Help with accuracy

Ammunition, reloading, shooting, etc
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trapdoor4570
Posts: 2
Joined: Thu May 14, 2020 4:55 pm

Help with accuracy

Post by trapdoor4570 »

I have found the Krag is capable of fine accuracy given the right loads and being handled properly.

I have found the stock is part of the problem due to the weakness caused by the magazine. Now days I use what I have found was called the “Texas hold”. In the Texas hold the rifle is held or supported at the magazine not the forearm, the barrel vibrations are more uniform. In old photographs from the turn of the 20th century Krag’s and rifles with 2 piece stocks were held by the receiver when being deliberately fired at the target reducing the dispersion from changing barrel vibrations. I have found this true with the Krag and the Winchester 1892.

At 100 yards the 5 fouling shots were fired with the foremen resting on the rest using very deliberate aim, the 3 sight adjusting shots were fired with the magazine area on the rest. The 7 final shots were fired with the same care with the magazine resting on the rest.

The load is a simple one, Lyman 311332 and 15.4 grains of IMR 4227, dropped not weighed and new full length sized BCC cases and a foam wad.
I hope this helps someone.

Trapdoor4570
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butlersrangers
Posts: 7443
Joined: Wed Oct 07, 2009 11:35 pm
Location: Below the Bridge, Michigan

Re: Help with accuracy

Post by butlersrangers »

Thanks, lots of food for thought.

Nice target style.

madsenshooter
Posts: 1113
Joined: Thu Sep 10, 2009 5:00 am
Location: Upper Appalachia aka SE Ohio

Re: Help with accuracy

Post by madsenshooter »

I get close to that magazine hold in prone, in fact thought about trying it but realized that meant moving my support hand before I could open the magazine. That'd ruin my "load without taking the rifle off your shoulder" move! I understand you're talking off the bench though. I got some really good results with 4227 too! Went through a pound of it long ago. Then I got off on pursuing Blue Dot loads.

Doubly Reincarnated
Posts: 8
Joined: Sat Jul 17, 2021 1:51 am

Re: Help with accuracy

Post by Doubly Reincarnated »

The reference to the foam wad bothers me. If you retain the foam wad in the neck of the cartridge case, that's OK. BUT if the foam wad is allowed to come into contact with the 4227, to hold the powder in position near the primer, or if it falls through the case neck and into the powder space, you are courting trouble. Positioning a wad on top of the powder and then firing the cartridge can cause a pressure wave to build in the case before the bullet fully enters the rifling. When that pressure wave peaks, the bullet acts like a cork and the chamber walls can be permanently distorted, pretty much ruining the barrel.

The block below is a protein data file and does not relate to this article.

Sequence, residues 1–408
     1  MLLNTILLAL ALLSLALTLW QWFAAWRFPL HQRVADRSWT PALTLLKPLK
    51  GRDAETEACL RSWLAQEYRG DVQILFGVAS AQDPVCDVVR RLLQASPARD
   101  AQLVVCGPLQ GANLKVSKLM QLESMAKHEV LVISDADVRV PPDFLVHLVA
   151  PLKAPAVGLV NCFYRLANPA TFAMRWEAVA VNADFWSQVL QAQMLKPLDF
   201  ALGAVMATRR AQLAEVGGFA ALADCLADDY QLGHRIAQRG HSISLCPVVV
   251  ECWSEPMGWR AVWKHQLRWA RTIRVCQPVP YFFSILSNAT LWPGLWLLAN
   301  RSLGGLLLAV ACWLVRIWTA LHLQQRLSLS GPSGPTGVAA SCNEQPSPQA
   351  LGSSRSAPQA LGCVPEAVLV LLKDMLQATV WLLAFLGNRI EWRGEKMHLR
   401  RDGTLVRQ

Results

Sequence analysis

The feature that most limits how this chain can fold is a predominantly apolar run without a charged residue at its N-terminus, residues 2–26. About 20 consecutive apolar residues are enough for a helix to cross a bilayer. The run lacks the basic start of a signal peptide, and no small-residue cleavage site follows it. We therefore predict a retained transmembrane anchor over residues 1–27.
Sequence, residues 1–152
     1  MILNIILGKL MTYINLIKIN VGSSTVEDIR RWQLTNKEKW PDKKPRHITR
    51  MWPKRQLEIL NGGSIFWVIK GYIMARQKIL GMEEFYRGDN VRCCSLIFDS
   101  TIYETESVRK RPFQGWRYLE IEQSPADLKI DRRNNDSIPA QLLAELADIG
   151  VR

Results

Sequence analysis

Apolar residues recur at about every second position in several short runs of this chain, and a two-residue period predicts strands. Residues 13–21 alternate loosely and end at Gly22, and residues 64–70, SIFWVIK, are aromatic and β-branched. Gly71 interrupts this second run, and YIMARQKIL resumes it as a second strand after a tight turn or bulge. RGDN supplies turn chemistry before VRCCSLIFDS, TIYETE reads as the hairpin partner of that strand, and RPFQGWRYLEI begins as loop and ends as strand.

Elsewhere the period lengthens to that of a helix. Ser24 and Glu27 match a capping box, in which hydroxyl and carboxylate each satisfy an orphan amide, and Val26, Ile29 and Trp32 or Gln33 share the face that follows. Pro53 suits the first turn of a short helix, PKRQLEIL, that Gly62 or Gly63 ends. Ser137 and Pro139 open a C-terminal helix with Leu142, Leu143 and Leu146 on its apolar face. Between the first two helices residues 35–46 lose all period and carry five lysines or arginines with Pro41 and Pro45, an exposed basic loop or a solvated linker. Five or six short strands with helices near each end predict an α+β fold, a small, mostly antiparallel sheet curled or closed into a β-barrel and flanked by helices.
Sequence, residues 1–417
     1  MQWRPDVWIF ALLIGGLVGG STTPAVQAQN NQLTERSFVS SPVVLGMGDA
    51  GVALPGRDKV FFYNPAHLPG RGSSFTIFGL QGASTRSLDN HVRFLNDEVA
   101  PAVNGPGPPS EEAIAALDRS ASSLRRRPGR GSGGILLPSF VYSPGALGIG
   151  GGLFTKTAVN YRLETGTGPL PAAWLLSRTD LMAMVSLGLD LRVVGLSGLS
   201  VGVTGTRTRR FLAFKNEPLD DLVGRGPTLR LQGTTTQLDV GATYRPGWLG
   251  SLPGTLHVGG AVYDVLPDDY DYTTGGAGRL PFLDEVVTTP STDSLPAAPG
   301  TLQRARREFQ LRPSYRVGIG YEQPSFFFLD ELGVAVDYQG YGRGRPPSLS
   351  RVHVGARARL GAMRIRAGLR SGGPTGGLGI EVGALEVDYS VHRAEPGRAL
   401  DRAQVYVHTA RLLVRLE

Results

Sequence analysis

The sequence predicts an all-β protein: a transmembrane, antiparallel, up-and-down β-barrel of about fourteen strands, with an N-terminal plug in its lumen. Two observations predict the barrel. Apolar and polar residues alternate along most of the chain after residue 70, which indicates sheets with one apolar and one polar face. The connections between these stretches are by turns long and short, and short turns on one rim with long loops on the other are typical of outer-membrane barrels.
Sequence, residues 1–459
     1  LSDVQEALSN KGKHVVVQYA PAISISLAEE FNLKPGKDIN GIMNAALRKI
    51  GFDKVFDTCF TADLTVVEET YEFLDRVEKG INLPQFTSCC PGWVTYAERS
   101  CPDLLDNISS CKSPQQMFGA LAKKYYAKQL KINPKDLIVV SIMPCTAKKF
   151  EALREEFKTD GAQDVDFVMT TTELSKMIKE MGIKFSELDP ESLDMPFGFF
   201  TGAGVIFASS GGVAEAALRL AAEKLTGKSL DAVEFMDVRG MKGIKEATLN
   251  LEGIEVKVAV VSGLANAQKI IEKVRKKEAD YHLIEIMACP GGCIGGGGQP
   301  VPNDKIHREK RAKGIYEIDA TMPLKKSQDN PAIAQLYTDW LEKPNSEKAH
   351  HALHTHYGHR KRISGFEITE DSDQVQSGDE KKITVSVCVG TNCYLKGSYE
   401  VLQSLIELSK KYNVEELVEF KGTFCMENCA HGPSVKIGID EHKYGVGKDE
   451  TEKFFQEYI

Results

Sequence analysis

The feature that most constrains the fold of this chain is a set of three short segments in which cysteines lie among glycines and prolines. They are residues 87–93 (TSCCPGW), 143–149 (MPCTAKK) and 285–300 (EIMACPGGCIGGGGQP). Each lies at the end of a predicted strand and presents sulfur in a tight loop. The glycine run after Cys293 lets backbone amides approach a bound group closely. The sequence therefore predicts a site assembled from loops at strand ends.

This was demonstrated in the 1960s by Charlie Dell and Wayne Schwartz in their book "The Modern Schuetzen Rifle". Us single shot guys shoot lead bullets with light loads of fast burning powder. And the Krag was designed to use as a single shot, so you don't need to release your hold on the magazine.

trapdoor4570
Posts: 2
Joined: Thu May 14, 2020 4:55 pm

Re: Help with accuracy

Post by trapdoor4570 »

Thank you for your concern.

Yes rifles were ruined by reduced charges of H-4831 with or without wading. The NRA investigated this in the ‘60s, I believe with the help of H.P White labs. The tests were never able to replicate the problem in the lab but all agreed that there were too many reports from reputable loaders to deny the reports. The recommendation was not to go below listed starting loads in the slower powders.

I have been using wads for around 54 years with no indication of a problem in many 10’s of thousands of rounds. They have been from Bullseye gallery loadings through the 38gr.4895 mid range load using lead and jacketed bullets. 30/40, ’06, 45/70, 8mm……..

Now days almost all my loads are loaded with powders that fall in the burn speed range from 2400 to 4198.

Wading provides a more uniform ignition and prevents hangfires, for me.

I have had nothing to indicate a high pressure load to me. YES I many times have a flattened primer that looks like it was from a proof load. On deeper investigation I find the primer had backed out before the charge fully ignited and came to pressure. In these cases many times the primer does not reseat back in the primer pocket and transmitted the pressure thrust to the bolt face and the case base never touched the bolt face When the case is examined the head expansion is nonexistent and sometimes mouth blowby definitely shows low pressure. . I have even seen this on U.S. government .30 M2 ball rounds loaded in the 50’s with ball powder, now those primers were flattened.

I would NEVER use a load below the listed starting charge of 4831,4350 or any of the slow powders.

I will not recommend wading to any other reloader, due to liability concerns.

What I do use is a wad of Dacron ½” thick cut with a 5/8” wad punch or open cell foam cut the same way. Open cell foam can be breathed through easily closed cell foam cannot be breathed through easily.

Frankford arsenal used kapok wading to hold charges in place for the reduced loads for simulating down range test results in the lab. This was for both .30 & .50 rounds.

Again thank you for your concern.

These are just the ramblings of an old man on the downhill slide looking wistfully back at 70.

Trapdoor4570

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